Griot's Garage, Nick Griot

5 Minutes with Nick Griot of Griot’s Garage

Nick Griot has been around cool cars all of his life, so it’s no surprise that, as the son of Griot’s Garage founder (and car care product legend) Richard Griot, he decided to go in a totally different direction when it came time for him to choose a career. It is surprising, however, that his dad actually encouraged him to look for a career outside the family business.

“My dad discouraged me from working for him,” Griot remembers. “He said ‘You need to find out what you want to do on your own.’”

Griot pursued a career in commercial real estate (all while serving as the “resident car guy” at his office, of course). Five years in, though, Griot realized that, despite his (and his father’s) best attempts to fight it, he was being pulled back in the family’s car care product empire. “Eventually I realized that Griot’s Garage business is what I know, and it’s truly what I love to do, so I told my dad I wanted to come back…and here we are,” Griot said.

Currently Griot works alongside his father and one of his four siblings at Griot’s Garage doing product development. However, over the past few years, he’s done everything from drive the company truck to car shows to manage Griot’s own events. “I have no permanent title, really, because it’s my goal to know and learn every aspect of the business,” Griot said. “But, the products are the most important thing to me, because that’s what everyone interacts with.”

We took a few minutes to talk to Griot about common car care misconceptions, what it’s like to have your father as your boss and his “interesting” first car.

Griot's Garage, hot rod burnout, burnout


Goodguys Gazette: Let’s get one thing out of the way right now: How the heck do you actually pronounce your last name, Griot?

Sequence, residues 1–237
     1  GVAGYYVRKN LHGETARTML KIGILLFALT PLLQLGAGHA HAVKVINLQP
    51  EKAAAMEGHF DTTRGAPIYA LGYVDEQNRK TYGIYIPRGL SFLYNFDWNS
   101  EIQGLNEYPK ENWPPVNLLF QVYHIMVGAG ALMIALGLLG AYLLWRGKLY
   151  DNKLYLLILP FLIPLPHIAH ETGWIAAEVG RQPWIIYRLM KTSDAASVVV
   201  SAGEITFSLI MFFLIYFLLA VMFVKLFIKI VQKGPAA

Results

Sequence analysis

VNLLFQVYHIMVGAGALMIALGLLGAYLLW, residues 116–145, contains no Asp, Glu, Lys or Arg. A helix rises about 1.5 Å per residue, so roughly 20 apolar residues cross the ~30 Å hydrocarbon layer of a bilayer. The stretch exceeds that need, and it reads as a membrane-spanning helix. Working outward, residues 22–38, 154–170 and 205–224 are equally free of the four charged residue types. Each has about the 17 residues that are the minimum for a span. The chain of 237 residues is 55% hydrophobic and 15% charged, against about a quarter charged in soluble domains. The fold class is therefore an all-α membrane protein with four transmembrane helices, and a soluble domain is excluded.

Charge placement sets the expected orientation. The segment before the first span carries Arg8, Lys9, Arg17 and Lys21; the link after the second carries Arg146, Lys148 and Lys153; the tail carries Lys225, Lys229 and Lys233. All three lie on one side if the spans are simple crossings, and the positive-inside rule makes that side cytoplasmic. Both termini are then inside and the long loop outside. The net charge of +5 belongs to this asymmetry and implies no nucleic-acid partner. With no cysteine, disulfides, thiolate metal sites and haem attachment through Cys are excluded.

Nick Griot: I’ve heard so many pronunciations over my lifetime and some of them are just ridiculous! People add letters, they add sounds. For the record, ‘Griot’ is pronounced ‘gr-ee-oh.’ But I’ve gotten it all, so I’m never offended when someone butchers the name.


GG: You’ve been around the car care business all your life. Has that made you a clean freak by nature?

Nick Griot: That depends…if you ask my wife, she will tell you that I keep my car and her car very clean. However, she’d probably also tell you that I can’t find a hamper! That’s kind of the tradeoff; I know where my skills are best applied. I view cleaning my car as an escape, my therapeutic time, but I definitely have other organizational gaps in my life!


GG: Since you’re the expert, tell us the one thing people usually get wrong when it comes to their car care regimen?

Nick Griot: The biggest thing people undervalue is a quality towel. Most people don’t realize that you can do a ton of damage to your paint by choosing the wrong towel. Your paint is probably the most sensitive system on your car. An inexpensive microfiber towel will probably do more harm than good for your car.

I tell people that it’s kind of like skin care. You don’t want to exfoliate your skin every day, and any time you introduce a harsh towel to your car’s paint, it’s the equivalent of scrubbing your skin with a loofa every day. Even if you pair a bad towel with a high-quality detailing spray, you’re doing more harm than good.

Griot's Garage, Nick Griot, SEMA Show


GG: If you’re not at a work event, where would we find you on a Sunday?

Nick Griot: From March to October, I’d say I have less than five weekends that I’m not spending doing something auto-related. But that’s fine, because it’s what I love to do. But if I’m not at an event, I’m probably brewing beer with my friends. We grow our own hops, and one of my friends is a local brewmaster. We hang out in the garage and make beer, and wash our cars while the beer is boiling.Griot's Garage, Richard Griot